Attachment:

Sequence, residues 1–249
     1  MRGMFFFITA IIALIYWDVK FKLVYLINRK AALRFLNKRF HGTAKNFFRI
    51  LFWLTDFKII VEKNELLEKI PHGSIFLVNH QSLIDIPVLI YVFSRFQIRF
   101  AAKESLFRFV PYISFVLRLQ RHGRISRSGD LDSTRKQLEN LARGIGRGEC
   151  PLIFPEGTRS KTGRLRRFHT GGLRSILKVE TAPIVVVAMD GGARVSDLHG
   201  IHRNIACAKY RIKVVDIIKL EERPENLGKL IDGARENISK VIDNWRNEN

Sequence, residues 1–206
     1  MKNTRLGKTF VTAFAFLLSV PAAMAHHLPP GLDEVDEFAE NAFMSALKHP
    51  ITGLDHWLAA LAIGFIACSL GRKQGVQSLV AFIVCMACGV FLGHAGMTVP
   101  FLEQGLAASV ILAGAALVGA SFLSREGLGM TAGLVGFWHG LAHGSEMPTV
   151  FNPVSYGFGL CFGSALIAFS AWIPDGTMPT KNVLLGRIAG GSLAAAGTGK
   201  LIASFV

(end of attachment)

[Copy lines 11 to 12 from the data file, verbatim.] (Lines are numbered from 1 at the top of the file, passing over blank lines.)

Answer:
   151  FNPVSYGFGL CFGSALIAFS AWIPDGTMPT KNVLLGRIAG GSLAAAGTGK
   201  LIASFV